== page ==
However, the announcements' page built-in "Subscribe to posts" option doesn't work for all visitors.  

But never fear; there are other ways to incorporate subscription options to allow access to more visitors! note: if you are creating a site through a Google Apps for Education or Business domain, your domain must have Feedburner enabled in order for this to work.

For more, visit this Google Sites How To on RSS feed subscription

Education Google Site Template

posted Apr 2, 2012, 8:16 AM by Julie Sharma   [ updated Jul 31, 2012, 7:49 PM ]

google
Educators are increasingly working to have an online presence either as the main class or a component part. However, the online environment can be a lot of work for educators and sometimes not supply the type of information students want.  Online environments that are at all cumbersome to navigate can deter students from getting the most out of tools provided there.  In many cases, students want an online homebase where they can get reminders or review important points for class.

To help educators meet these points, I have created a Google Sites website template that automatically puts information important to students in the spotlight. This template has
  • pages for 
    • assignments (teacher-created blog-style entries)
    • homework (customizable list of sortable items with name, due date, and description)
    • materials (list of teacher-uploaded files and/or website links)
    • syllabus in both in-page pdf and downloadable pdf
  • homepage with most recent, automatically updating items from
    • course calendar (just add events/due dates to a Google calendar for the class, and they automatically post on homepage)
    • assignments posts
    • homework list
    • materials
  • option to include a contact form
  • "subscribe to posts" option on assignments page for students to receive updates (with methods to use on all browsers)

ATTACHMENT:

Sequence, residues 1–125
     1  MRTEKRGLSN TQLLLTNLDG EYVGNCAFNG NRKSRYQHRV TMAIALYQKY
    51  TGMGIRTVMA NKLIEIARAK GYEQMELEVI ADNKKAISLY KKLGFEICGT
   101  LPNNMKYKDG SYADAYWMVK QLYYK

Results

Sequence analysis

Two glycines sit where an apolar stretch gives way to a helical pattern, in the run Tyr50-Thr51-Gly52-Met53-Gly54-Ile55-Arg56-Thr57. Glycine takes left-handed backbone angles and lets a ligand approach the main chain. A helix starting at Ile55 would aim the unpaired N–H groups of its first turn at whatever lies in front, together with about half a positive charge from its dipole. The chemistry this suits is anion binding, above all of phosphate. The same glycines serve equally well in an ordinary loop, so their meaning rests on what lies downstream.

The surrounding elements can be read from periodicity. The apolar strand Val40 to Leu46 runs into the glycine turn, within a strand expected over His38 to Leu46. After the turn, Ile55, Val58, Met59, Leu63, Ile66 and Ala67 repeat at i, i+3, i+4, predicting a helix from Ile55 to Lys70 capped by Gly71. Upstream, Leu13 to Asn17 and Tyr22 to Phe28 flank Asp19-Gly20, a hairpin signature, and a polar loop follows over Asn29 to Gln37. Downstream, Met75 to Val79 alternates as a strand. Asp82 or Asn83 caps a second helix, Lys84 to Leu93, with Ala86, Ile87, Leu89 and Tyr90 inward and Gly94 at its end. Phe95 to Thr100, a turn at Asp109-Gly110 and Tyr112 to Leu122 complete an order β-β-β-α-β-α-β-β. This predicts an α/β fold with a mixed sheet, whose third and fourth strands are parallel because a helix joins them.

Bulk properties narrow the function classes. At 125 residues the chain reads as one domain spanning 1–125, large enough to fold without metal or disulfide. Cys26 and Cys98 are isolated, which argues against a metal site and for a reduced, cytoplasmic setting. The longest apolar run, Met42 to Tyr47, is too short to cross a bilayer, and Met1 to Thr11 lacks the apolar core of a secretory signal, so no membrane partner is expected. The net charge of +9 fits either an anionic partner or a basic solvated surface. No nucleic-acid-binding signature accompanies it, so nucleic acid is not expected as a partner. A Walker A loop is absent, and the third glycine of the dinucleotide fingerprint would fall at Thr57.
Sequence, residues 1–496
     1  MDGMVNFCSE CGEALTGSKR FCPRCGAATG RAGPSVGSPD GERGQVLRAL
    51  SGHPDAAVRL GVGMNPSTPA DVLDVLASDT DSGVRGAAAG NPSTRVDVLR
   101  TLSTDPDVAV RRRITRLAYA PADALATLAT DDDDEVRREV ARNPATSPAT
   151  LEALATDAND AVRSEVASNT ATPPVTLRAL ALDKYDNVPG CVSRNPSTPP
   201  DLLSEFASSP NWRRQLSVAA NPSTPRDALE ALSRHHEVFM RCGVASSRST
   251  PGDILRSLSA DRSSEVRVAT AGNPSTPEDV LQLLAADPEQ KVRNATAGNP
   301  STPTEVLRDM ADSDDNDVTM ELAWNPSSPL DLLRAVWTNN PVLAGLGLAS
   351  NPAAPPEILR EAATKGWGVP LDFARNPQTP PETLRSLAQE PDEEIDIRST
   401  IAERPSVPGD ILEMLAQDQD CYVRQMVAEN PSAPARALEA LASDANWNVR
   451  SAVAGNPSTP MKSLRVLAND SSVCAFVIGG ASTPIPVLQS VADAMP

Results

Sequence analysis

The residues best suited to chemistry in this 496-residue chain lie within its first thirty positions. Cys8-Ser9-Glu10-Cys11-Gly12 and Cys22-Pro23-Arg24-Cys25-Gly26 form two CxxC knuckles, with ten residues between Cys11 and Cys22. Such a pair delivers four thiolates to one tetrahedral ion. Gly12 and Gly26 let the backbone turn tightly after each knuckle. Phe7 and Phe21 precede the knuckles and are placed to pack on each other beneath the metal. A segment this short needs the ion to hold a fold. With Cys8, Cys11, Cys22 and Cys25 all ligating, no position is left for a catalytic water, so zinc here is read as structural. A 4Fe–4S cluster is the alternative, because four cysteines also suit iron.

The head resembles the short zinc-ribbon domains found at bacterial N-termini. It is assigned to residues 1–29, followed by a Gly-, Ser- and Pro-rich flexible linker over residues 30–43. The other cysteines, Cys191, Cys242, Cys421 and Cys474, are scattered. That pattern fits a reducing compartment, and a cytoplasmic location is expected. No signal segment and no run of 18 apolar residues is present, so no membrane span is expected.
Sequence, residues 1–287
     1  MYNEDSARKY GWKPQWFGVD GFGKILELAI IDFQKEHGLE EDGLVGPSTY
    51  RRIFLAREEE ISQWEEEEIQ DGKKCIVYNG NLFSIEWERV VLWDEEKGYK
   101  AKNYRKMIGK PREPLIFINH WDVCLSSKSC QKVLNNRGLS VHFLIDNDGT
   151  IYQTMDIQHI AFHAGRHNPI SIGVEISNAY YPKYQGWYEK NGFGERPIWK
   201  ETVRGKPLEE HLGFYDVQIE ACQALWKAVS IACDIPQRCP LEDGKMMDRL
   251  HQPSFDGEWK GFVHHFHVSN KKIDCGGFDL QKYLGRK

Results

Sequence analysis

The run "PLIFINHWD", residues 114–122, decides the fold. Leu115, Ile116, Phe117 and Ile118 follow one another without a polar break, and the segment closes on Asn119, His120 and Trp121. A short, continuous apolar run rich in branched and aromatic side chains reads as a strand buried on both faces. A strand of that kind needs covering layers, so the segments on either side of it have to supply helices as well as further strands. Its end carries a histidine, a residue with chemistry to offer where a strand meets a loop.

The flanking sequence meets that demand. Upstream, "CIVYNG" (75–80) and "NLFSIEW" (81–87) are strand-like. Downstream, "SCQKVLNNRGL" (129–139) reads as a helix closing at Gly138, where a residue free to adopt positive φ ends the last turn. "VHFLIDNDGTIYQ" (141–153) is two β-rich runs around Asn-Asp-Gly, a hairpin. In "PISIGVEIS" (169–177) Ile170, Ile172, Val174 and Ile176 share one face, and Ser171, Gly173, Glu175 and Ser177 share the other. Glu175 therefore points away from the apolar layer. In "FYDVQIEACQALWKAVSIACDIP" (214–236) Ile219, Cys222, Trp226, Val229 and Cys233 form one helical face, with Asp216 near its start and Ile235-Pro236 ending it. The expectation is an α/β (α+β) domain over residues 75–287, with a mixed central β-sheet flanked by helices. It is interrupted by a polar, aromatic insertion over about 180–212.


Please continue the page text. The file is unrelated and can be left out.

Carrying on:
• search box with option to search website or the web
  • instructions for customizing 
Hopefully this template will give educators the power to easily create a dynamic online homebase for students to have access to the information they need most. 

Searching Video Captions

posted Apr 2, 2012, 7:39 AM by Julie Sharma   [ updated Jul 31, 2012, 7:50 PM ]

hulu
When you want to find audio content online, searches can be tricky to structure because it is hard to search audio content for keywords.

However, online video (and audio) content increasingly includes captions, which often times can be searched.

This video* explains how to use the video website Hulu.com to search for specific words or phrases in videos. The words/phrase might be in the title of the movie/show/episode or in the dialogue.

Hulu Captions Search allows you to 
  • find specific words or ideas in videos, rich content perfect for today's learners. 
  • learn about this is a powerful tool 
  • incorporate new, engaging content into classrooms, presentations, and more.  
When before you had to know what you were looking for to be able to find a video that used a certain word, phrase, or topic, now Hulu Captions Search makes finding this content manageable.  

*video requires flash

What to learn how I made the videos? Visit Jing for more Jing

Mastering Spell Check

posted Mar 25, 2012, 12:22 PM by Julie Sharma   [ updated Jul 31, 2012, 7:51 PM ]

spele check
Many typing programs--whether on a computer, tablet, or phone--have spelling help, which can be great but sometimes goes terribly wrong.  Avoid embarrassing spelling mistakes with help from this video, which focuses on spelling check tricks for Microsoft Word.

This video explains Microsoft Word Spell Check topics including:
  • Using Look up
  • Choosing the correct word from suggestions
  • Checking a word's meaning via synonyms  
(video requires flash to view)

Mastering Spell Check (wait for video to load)


What to learn how I made the videos? Visit Jing for more Jing

Google Search: Learning about Words

posted Mar 25, 2012, 12:01 PM by Julie Sharma   [ updated Jul 31, 2012, 7:55 PM ]

google
Once you have learned the basics of Google search, you can begin to use more advanced search features that will allow you to structure even more precise searches.  This video is especially helpful for language teachers/learners or those interested in learning about language and language usages through Google search.  

This video explains finding word groupings (word collocations): 
  • Google's dictionary search using define
  • Finding where to go online for examples of Standard English using Google News
  • Exploring word usage, collocations, and common word groupings (for example, learning to find which preposition comes after "interested" (answer: interested in)) by using wildcard (*) search 
(video requires flash to view)

Collocations (wait for video to load)

What to learn how I made the videos? Visit Jing for more Jing